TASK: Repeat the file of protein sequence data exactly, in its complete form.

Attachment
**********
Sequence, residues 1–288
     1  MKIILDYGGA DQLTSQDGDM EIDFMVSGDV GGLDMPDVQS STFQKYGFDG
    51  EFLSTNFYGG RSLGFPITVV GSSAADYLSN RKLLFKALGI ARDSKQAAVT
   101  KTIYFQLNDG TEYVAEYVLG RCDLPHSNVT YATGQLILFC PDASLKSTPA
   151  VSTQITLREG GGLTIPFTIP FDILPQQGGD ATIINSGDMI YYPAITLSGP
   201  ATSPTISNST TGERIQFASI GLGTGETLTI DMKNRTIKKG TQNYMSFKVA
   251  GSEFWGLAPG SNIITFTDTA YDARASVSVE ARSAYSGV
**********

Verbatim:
Sequence, residues 1–288
     1  MKIILDYGGA DQLTSQDGDM EIDFMVSGDV GGLDMPDVQS STFQKYGFDG
    51  EFLSTNFYGG RSLGFPITVV GSSAADYLSN RKLLFKALGI ARDSKQAAVT
   101  KTIYFQLNDG TEYVAEYVLG RCDLPHSNVT YATGQLILFC PDASLKSTPA
   151  VSTQITLREG GGLTIPFTIP FDILPQQGGD ATIINSGDMI YYPAITLSGP
   201  ATSPTISNST TGERIQFASI GLGTGETLTI DMKNRTIKKG TQNYMSFKVA
   251  GSEFWGLAPG SNIITFTDTA YDARASVSVE ARSAYSGV